Jon Huntsman Has A Radical Financial Reform Plan That Even Occupy Wall Street Will Love

jon huntsman

Photo: World Economic Forum via Flikr

Today Jon Huntsman promised to do what many across the political spectrum want: end the existence of Too Big To Fail banks. 

Huntsman offered up a detailed plan for tax reform earlier in this campaign that the Wall Street Journal praised as a benchmark for all other candidates. Now he has released a plan for reforming the financial sector. And both Tea Party members and Occupy Wall Street should be excited about it. 

“These reforms are the best tradition of American capitalism – which is letting individuals rise and fall on their own merit,” said Huntsman’s domestic-policy advisor Steve Bogden, “This is an example of when you need to save capitalism from crony capitalists.”

Huntsman calls the current financial status-quo after the 2008 crisis and Dodd-Frank a “‘doom loop’ in which banks and their creditors are bailed out, and therefore feel empowered to again take excessive risk. He points to Europe’s increasingly state-managed financial sector as a fate America must avoid. “

“But this cannot mean that the government allocates credit,” Huntsman says, “We need the market to allocate credit, without the kinds of subsidies that encourage a build-up in dangerous amounts of borrowing and leverage anywhere in the economy.”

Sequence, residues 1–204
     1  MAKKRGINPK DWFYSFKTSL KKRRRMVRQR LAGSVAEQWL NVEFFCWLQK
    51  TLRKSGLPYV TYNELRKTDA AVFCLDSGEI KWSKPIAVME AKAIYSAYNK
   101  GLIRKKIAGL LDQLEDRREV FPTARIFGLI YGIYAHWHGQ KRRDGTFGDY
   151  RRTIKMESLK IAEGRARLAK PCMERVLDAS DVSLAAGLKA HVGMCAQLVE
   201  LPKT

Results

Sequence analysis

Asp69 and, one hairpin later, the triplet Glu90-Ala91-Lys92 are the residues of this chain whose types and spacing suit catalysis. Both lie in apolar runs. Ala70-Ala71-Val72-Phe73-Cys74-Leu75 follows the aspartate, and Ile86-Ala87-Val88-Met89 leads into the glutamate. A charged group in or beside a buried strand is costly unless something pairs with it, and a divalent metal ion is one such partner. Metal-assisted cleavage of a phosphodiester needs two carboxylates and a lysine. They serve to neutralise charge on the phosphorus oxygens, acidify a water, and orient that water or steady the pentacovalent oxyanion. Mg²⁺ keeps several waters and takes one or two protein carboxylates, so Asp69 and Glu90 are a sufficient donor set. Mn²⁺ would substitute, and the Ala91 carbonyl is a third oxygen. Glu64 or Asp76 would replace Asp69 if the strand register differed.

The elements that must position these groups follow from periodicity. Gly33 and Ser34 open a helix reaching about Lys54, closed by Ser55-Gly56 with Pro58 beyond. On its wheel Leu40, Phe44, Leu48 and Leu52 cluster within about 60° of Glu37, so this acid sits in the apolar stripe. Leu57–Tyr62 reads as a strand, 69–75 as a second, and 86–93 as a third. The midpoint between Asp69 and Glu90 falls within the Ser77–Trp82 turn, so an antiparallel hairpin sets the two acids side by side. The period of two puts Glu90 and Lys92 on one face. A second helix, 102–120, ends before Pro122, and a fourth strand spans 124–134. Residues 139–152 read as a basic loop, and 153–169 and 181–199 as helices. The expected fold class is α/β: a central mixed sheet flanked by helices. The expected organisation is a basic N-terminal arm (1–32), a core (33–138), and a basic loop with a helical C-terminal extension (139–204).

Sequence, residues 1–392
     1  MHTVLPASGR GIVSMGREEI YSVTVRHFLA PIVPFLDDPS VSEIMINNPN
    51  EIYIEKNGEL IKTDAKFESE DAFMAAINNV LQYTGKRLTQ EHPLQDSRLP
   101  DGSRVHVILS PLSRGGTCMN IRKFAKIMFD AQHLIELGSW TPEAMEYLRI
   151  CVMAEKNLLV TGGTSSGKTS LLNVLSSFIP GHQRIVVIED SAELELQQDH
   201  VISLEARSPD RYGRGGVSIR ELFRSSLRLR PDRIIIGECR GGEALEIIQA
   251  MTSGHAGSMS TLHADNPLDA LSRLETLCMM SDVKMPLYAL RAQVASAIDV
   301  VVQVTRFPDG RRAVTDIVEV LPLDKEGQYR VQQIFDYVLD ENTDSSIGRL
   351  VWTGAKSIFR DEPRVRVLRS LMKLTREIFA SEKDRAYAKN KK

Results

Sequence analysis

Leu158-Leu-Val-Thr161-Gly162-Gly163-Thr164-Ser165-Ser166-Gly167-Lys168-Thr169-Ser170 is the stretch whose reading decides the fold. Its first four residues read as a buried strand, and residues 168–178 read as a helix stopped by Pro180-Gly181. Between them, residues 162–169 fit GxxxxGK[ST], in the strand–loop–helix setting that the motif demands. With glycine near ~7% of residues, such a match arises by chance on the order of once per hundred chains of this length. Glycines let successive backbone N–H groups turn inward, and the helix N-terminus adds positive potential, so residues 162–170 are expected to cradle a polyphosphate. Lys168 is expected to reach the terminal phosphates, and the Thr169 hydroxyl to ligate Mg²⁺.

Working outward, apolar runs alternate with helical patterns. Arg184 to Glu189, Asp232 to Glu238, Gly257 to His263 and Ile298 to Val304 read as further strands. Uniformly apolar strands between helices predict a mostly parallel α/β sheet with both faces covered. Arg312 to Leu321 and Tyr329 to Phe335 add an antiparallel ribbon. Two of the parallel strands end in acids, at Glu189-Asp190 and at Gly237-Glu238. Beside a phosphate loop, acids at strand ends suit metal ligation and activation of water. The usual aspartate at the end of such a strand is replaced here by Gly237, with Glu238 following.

Here’s a thumbnail sketch of the plan: 

  • Set a hard cap on bank size based on assets as a percentage of GDP. (This cap would be on total bank size, not using any of the illusory “risk-weights” currently central to thinking about bank accounting… )
  • We should have a similar cap on leverage—total borrowing—by any individual bank, relative to GDP.
  • Impose a fee on banks whose size exceeds a certain percentage of GDP to cover the cost they would impose on taxpayers in a bailout, thus eliminating the implicit subsidy of their too-big-to- fail status. 
  • In addition, focus on establishing an FDIC insurance premium that better reflects the riskiness of banks’ portfolios. 
  • Strengthen capital requirements, moving far beyond what is envisioned in the current Basel Accord. 

There are a few standard-issue elements to the plan. Huntsman wants to repeal Dodd-Frank and unwind Fannie and Freddie. 

But there are some surprises too. Huntsman doesn’t endorse the gold-standard explicitly but he does call for “sound money” in his plan contending that we “cannot devalue our way to prosperity.” He wants to prosecute robo-signers, calling it a “basic question of the rule of law.” And he wants to gently guide Europe to the the kind of “fiscal consensus forged by Alexander Hamilton and Albert Gallatin “

UPDATE 2:07 PM “I don’t think anything in there should be controversial. It’s all free-market oriented,” said Bogden, “letting people be responsible for their actions. If you look at a firm like Brown Bothers Harriman they didn’t need a bailout because they had skin in the game. We’re just asking the financial sector to resemble the rest of American capitalism.”

Here’s the whole thing. 

 

Financial Reform Backpages

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